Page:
New Rocky Mountain Institute report examines opportunities for local governments to simultaneously address air quality and equity as they work to recover from the multiple challenges faced in 2020.
Rocky Mountain Institute (RMI) this week released an analysis outlining four strategies for advancing both air quality and equity that cities can use to build back better from the pandemic, the economic downturn and a growing reckoning with racial injustice in the United States.
We need to improve air quality not only to increase our resilience to future pandemics, but also to address the historical racial inequities stemming from the energy sector.
— RMI (@RockyMtnInst) October 8, 2020
Various events this year have produced economic, social and public health strains on local governments throughout the country. As these governments work to help their communities recover, though, there is an opportunity to implement local changes that can deliver multiple community benefits while also helping to accelerate recoveries.
The strategies outlined in the report Breathing Life Back into Cities involve actions that cities can use to build back better by improving air quality, mitigating the impact of the recession and promoting an equitable recovery.
“At the start of the COVID-19 lockdown this year, an unexpected side effect emerged — dramatically cleaner air. A few months later, a convergence of events drove racial inequality into our national dialogue with renewed prominence,” said Ali Rotatori, senior associate at RMI and report co-author. “Air quality and equity are highly interconnected issues, and our new analysis shows there are solutions available that can enhance them both.”
Breathing Life Back into Cities outlines four strategies that can help address air quality and equity simultaneously:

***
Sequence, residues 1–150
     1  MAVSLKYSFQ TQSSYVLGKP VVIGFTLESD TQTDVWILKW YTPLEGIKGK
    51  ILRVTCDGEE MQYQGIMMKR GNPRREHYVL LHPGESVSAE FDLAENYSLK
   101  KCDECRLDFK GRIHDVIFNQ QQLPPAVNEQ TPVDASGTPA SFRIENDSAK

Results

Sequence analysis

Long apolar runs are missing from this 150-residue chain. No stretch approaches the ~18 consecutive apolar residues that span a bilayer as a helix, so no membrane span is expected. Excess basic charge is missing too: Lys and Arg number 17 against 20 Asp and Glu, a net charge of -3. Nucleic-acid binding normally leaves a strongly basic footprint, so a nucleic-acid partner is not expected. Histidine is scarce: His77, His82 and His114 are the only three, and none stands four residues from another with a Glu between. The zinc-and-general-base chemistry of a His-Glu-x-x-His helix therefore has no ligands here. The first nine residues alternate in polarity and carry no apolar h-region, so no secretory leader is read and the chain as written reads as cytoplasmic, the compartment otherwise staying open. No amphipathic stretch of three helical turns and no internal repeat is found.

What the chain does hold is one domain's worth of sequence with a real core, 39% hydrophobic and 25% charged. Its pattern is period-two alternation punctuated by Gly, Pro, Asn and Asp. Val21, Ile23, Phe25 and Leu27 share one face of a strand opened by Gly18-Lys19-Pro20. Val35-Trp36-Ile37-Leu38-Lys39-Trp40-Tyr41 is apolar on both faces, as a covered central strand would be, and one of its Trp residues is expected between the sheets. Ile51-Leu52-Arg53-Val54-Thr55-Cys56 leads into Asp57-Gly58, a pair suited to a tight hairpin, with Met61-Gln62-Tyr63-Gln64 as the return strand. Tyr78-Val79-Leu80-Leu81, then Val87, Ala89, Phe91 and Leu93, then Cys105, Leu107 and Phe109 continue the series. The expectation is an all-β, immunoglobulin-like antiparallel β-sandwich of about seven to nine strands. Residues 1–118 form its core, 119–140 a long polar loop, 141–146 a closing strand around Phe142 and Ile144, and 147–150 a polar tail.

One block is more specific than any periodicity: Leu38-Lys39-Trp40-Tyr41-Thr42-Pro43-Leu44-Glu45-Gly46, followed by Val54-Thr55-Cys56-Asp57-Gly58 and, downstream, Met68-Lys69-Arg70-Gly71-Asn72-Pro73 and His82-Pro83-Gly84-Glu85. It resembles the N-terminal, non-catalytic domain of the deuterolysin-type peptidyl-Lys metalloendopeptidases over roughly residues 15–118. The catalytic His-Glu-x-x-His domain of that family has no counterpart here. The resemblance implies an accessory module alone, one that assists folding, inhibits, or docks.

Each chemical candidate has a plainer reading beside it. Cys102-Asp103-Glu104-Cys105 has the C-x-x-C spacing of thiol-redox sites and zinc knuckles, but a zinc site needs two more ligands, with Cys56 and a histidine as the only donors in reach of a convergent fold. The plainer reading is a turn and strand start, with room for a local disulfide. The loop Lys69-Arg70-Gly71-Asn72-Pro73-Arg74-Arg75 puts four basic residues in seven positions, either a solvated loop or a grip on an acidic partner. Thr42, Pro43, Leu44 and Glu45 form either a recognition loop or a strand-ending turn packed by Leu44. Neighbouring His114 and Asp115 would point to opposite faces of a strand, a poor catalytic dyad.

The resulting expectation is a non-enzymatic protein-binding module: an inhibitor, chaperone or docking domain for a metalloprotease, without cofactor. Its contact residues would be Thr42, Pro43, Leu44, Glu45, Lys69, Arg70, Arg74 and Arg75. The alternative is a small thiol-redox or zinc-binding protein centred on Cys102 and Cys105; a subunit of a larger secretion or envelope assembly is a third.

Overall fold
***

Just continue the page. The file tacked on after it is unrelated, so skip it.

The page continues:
- Phase out the use of fossil fuels in residential and commercial buildings: All-electric buildings have substantially reduced indoor air pollution, providing significant health and economic benefits.
- Improve access without relying on single-occupancy vehicles and accelerate vehicle electrification: Mobility solutions that prioritize people over cars enable equitable access to places of employment, healthcare, food and recreation, while vehicle electrification is a vital and necessary strategy to reduce air pollution.
- Invest in urban greening: Urban forests and wetlands impact air quality, carbon sequestration and water management. They also positively affect quality of life, mental health, economic performance, property values and community resilience.
- Engage utilities to clean up the grid: Municipalities are large energy customers that can wield influence on utilities to transform their energy mix toward clean sources. Clean electricity generation eliminates emissions from fossil fuel combustion and improves air quality within city borders and beyond.
The analysis explains each of these strategies in terms of the key actions cities can take to implement them and the multiple benefits that can be expected to result from them. These strategies can be a core component of local government efforts around the country to ensure their communities recover and build back better from the challenges they have faced in 2020.
“Despite the progress we’ve made, air pollution remains America’s biggest environmental killer — bigger than car crashes and homicides combined. COVID-19 has only made it worse, especially for our poorest and most historically disadvantaged communities,” said Rushad Nanavatty, RMI senior principal and report co-author. “By taking a whole-systems approach to improving air quality, cities can make real progress on addressing multiple human and environmental crises at the same time.”
This analysis was developed by RMI’s Urban Transformation program, which is working to help cities accelerate progress toward a resilient, equitable carbon-neutral future.
To download Breathing Life Back into Cities, please visit rmi.org/insight/breathing-life-back-into-cities.
Cities have the power to improve air quality while also preventing lasting negative economic impacts from the pandemic. Discover how local #ClimateAction can help #ProtectOurAir: https://t.co/UJy7Pv7nkI @RockyMtnInst pic.twitter.com/erCvc2NuPI
— IMT (@IMT_speaks) October 8, 2020
About Rocky Mountain Institute: Rocky Mountain Institute (RMI) — an independent nonprofit founded in 1982 — transforms global energy use to create a clean, prosperous, and secure low-carbon future. It engages businesses, communities, institutions, and entrepreneurs to accelerate the adoption of market-based solutions that cost-effectively shift from fossil fuels to efficiency and renewables. RMI has offices in Basalt and Boulder, Colorado; New York City; the San Francisco Bay Area; Washington, D.C.; and Beijing.
Featured image by Cynthia Shahan, CleanTechnica, via Clearing The Air, A New Normal — Bicycles & Electric Cars = $10,000 In Social Benefits
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